The Netflix original series “House of Cards,” which is basically about what might happen if Richard III and Lady Macbeth were married and decided to take over Washington, DC, has been extremely successful. It cleaned up at the Golden Globes, where it dominated the competition, and, along with its sister show “Orange is the New Black,” which is arguably even more incisive and engrossing, has made Netflix the new HBO. But has it made any money?
The show’s two seasons cost $100 million to produce, which is technically if not legally insane, according to industry analysts. Can Netflix recoup that investment?
There is a fundamental principle in economics that applies to food, clothing, and even all of those shiny tech gadgets that start with the letter ‘‘i’’: The more of them we have, the less we value them.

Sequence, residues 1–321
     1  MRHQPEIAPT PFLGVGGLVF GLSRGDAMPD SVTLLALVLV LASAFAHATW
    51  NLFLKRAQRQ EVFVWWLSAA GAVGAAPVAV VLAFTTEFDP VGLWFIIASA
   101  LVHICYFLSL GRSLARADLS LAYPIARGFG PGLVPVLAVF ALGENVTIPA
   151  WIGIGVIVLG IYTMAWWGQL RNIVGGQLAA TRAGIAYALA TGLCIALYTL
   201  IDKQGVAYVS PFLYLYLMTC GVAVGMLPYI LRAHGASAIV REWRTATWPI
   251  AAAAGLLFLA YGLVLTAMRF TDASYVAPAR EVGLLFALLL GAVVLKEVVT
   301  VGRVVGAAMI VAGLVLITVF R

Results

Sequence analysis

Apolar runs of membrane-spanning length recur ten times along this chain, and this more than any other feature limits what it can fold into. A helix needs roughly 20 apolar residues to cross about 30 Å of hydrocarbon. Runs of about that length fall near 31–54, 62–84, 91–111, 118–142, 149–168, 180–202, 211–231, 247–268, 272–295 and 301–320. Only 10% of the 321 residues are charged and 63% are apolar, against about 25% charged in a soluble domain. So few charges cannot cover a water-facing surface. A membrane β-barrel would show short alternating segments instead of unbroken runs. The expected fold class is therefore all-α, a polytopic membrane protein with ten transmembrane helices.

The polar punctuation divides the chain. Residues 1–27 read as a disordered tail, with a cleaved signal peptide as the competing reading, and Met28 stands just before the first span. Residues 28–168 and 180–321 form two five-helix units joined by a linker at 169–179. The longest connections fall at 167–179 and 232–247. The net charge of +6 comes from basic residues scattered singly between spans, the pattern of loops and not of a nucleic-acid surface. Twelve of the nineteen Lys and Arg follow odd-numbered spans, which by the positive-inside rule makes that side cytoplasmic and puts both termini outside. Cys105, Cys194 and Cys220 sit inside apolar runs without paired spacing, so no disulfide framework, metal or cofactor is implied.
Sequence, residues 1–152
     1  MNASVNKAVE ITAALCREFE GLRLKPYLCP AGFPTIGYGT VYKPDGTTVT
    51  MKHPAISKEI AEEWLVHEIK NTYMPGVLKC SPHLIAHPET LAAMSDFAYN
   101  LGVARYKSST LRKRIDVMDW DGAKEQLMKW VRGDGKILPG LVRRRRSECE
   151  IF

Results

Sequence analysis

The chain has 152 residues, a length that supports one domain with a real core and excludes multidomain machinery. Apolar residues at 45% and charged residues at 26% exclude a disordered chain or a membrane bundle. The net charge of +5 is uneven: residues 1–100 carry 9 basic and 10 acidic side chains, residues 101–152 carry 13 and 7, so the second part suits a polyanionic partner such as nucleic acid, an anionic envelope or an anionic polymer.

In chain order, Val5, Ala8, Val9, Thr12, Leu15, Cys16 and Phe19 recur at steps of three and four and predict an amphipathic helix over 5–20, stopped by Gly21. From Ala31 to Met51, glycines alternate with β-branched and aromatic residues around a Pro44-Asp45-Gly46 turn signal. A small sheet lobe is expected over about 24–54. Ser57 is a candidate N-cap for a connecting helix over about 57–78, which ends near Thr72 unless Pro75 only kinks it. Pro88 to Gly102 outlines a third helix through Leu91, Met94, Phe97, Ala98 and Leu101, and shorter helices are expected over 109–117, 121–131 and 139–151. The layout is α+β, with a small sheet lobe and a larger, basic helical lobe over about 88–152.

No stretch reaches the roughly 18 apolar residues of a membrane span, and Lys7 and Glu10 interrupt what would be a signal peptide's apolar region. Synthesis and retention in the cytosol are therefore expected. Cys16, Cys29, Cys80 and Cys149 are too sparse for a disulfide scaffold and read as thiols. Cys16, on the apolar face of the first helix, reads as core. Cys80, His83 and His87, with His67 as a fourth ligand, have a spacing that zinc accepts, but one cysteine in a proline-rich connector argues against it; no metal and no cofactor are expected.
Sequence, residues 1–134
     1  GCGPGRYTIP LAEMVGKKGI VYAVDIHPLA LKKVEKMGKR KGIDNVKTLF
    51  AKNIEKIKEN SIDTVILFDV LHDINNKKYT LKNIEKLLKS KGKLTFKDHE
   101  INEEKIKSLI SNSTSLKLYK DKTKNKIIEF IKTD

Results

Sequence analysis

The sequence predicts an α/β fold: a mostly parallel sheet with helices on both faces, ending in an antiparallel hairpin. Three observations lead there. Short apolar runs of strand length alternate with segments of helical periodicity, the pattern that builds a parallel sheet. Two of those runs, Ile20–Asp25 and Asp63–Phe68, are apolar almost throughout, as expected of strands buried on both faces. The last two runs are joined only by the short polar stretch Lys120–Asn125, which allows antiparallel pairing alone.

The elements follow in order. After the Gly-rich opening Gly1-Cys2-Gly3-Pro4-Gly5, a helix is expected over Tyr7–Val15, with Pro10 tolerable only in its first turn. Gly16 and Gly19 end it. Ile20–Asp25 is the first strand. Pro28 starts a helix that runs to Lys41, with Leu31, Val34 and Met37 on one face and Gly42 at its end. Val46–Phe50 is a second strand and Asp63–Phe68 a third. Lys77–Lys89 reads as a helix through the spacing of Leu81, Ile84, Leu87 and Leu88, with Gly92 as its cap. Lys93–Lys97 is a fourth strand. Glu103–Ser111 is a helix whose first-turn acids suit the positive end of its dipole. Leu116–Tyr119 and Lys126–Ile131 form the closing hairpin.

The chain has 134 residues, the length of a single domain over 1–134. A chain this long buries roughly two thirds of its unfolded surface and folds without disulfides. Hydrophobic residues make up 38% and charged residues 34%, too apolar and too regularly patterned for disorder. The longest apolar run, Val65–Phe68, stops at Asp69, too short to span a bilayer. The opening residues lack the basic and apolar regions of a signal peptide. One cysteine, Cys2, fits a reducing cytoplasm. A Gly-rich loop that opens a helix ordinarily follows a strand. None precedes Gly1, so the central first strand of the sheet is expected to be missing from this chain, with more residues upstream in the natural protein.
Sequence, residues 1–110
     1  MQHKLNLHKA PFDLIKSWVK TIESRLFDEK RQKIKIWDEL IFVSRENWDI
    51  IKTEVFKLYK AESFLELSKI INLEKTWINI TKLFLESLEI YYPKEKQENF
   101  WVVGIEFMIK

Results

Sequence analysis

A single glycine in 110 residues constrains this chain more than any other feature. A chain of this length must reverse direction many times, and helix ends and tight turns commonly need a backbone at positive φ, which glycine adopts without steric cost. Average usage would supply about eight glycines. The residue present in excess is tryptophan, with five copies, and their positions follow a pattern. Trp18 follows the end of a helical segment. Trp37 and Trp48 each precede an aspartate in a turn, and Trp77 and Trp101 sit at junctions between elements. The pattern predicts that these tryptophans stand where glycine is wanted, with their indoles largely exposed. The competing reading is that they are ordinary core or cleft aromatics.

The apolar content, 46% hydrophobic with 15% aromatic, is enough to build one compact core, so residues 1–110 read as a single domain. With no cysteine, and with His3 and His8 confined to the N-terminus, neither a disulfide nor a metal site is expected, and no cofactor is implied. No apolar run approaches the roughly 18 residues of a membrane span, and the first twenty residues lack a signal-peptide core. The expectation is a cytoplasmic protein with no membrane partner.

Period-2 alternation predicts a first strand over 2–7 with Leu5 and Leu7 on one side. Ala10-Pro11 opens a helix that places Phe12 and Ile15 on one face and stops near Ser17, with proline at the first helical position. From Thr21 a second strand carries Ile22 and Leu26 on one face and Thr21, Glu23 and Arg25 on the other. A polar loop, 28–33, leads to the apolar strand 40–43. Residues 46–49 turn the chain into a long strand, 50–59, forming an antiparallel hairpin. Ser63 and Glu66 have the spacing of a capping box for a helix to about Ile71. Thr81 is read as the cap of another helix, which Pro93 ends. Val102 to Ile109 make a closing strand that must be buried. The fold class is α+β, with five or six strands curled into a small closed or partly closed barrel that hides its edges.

But that may not be true when it comes to money.
New research from Jeffrey Pfeffer, a professor at the Stanford Graduate School of Business, and his colleagues at the University of Toronto and Renmin University of China finds that the more money people make, the more they value it.
Creative Mornings is a monthly lecture series started by Tina Eisenberg that now takes place in over 40 cities around the world. Last month’s New York speaker was Jessica Jackley, one of the founders of international micro-loan non-profit Kiva. The theme was MONEY. (She starts talking about the awkwardness of talking about money at about 13:00!)